March 22, 2023
The Best Puppy Food For A Sensitive Stomach
Best Puppy Food For Sensitive Stomach
Puppies grow quickly, building muscles and bones, developing organs and strengthening vital systems such as their immunity and brain function. During this physical development they are facing important first-time encounters with food and experiences. With so much going on, it’s not uncommon for a new pup to occasionally get a mild upset tummy. Signs of a sensitive stomach in a puppy can include indigestion, diarrhea or loose stools, constipation, excessive gassiness and vomiting.
First, ensure there is no serious health issue with your puppy by talking to your veterinarian as signs of digestive upsets can be caused by a variety of things. If everything else is ruled out and your veterinarian agrees there may be a food sensitivity then there are many things you can do to support your puppy’s sensitive stomach, including finding the best puppy food for sensitive stomachs
1. Ease Into New Puppy Food
With a new puppy at home, some initial stomach upset can be normal and in fact expected when your pup first comes home. A puppy’s first few days at their new home can be stressful, leading to loose stools for 1-3 days. To help ease them into their new home, it’s best to continue feeding what the breeder or shelter gave you for the first week. Ensure that your pup has plenty of water and rest.
Once your pup starts to get settled you can gradually transition them to a new food. I recommend our Wellness Complete Health for Puppies recipe for a wholesome option with grains, or our Wellness CORE Puppy grain-free dry formula for puppies with very active lifestyles. Each of these options are made with high-quality, natural ingredients.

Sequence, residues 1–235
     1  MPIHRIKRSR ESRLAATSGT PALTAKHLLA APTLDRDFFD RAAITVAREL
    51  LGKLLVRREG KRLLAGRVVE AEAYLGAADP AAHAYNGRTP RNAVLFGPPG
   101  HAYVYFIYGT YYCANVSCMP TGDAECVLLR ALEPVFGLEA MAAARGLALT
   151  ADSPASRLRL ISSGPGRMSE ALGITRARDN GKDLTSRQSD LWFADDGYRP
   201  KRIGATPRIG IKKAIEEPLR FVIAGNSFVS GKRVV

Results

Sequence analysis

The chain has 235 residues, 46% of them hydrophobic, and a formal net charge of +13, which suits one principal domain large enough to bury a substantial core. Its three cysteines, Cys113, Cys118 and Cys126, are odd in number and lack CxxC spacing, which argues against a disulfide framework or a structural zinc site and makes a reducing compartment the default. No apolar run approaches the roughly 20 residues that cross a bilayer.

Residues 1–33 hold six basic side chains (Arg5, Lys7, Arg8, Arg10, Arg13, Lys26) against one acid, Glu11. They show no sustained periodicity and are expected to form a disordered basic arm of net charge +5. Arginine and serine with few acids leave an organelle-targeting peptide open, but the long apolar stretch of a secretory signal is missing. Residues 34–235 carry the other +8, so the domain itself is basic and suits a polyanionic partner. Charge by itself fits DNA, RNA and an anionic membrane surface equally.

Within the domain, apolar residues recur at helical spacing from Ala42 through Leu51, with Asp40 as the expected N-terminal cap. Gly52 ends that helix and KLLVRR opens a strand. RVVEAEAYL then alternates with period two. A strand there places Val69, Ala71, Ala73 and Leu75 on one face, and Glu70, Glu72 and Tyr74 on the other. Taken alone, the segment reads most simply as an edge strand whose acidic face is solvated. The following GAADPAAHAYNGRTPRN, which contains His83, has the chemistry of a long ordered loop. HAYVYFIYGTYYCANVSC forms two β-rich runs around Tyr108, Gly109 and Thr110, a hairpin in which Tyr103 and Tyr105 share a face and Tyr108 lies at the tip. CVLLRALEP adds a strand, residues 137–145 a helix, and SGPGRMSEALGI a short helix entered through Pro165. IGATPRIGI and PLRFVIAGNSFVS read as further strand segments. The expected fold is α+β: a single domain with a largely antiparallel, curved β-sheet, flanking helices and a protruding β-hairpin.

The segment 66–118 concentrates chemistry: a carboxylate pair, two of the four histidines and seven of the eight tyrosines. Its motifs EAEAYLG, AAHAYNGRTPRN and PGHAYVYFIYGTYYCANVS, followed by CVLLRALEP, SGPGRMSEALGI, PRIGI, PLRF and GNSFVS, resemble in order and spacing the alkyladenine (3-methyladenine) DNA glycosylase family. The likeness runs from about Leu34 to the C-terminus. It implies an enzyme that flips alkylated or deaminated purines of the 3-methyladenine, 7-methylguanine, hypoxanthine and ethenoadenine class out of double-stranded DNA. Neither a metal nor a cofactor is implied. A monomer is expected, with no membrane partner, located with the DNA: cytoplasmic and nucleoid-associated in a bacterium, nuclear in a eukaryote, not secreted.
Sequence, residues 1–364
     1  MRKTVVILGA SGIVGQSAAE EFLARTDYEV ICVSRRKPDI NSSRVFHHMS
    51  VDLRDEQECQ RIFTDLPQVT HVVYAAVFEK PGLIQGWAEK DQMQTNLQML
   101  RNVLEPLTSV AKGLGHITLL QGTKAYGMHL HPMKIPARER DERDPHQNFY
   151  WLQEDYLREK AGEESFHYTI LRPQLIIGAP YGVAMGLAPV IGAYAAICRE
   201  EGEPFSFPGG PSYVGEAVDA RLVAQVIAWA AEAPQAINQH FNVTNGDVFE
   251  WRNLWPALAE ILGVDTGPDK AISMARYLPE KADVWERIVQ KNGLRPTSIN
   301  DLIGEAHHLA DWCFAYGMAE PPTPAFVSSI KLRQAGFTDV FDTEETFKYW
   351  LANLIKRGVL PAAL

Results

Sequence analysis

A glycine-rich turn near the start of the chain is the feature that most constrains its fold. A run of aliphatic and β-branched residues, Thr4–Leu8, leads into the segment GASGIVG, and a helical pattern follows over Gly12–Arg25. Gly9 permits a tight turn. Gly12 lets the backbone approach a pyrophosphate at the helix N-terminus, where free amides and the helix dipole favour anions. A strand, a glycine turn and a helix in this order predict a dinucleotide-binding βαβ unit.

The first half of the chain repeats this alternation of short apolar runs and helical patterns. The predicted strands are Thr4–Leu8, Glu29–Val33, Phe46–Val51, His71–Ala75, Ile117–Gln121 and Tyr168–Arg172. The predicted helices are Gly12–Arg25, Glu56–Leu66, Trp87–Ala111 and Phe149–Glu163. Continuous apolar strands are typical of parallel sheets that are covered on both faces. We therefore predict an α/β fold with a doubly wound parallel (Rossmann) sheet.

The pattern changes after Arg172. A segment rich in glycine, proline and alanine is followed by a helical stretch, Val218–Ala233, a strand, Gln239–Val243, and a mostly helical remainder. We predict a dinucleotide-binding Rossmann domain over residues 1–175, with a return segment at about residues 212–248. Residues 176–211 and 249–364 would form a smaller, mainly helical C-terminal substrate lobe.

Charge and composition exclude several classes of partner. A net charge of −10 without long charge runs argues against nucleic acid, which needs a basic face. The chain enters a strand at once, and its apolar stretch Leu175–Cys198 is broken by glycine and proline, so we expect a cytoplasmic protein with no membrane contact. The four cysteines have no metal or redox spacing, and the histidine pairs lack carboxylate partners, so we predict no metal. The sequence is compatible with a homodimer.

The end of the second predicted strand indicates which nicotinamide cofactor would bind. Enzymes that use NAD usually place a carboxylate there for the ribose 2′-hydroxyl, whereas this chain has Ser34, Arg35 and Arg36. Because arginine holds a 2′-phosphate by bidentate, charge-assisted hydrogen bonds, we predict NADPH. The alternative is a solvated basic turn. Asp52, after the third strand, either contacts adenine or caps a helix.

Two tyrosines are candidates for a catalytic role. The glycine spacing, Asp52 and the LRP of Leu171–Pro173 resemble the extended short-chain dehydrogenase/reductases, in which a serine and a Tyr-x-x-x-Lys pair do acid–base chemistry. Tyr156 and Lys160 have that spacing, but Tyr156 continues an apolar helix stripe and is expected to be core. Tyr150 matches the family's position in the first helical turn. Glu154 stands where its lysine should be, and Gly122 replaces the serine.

2. Avoid Overfeeding
That said, it’s important to ensure you’re not overfeeding your new pup which can lead not only to unwanted weight gain but potentially also a stomach upset. A high-quality, meat-based food will be nutrient-rich meaning you can feed less to suit their smaller stomach size, but also meet their unique growth needs. Key to determining the right amount to feed is to check the recommended feeding amounts. These change as a puppy grows so make sure to always turn the bag over and check the exact amount to feed your pup.
Depending on the breed and age of your puppy, their stomach can range from the size of a chestnut to a tennis ball—both are rather small.
3. Avoid Giving Table Scraps
We all know and love those puppy dog eyes, but it’s important to resist giving them food off your plate. Even giving them a small piece or two of what you are eating can easily cause an intestinal upset in your puppy from the sudden difference in nutrition, especially when it comes to higher fat foods. For example, giving your puppy a single piece of bacon is comparable calorie-wise to a human eating 13 pieces of bacon!
4. Give Treats In Moderation
Owning a new puppy means lots of training to ensure good manners as well as fun tricks you both can perform together! The role of positive reinforcement training is fundamental and offering treats is an easy, effective reward. Remember, though, puppy treats should be the same high-quality as their food. Avoid high-fat sausages or strips, inferior quality ingredients and high levels of salt, all of which can cause stomach upset in puppies.
Instead, use a healthy puppy treat like Wellness Puppy Bites Soft Lamb & Salmon. Wellness Puppy Bites contain DHA for puppies’ brain development and contain no meat by-products, corn, wheat, dairy, artificial colors or flavors which could contribute to a sensitive stomach. These super-moist treats can even be cut or ripped so you don’t overfeed while training.
5. Transition Between Puppy Foods Carefully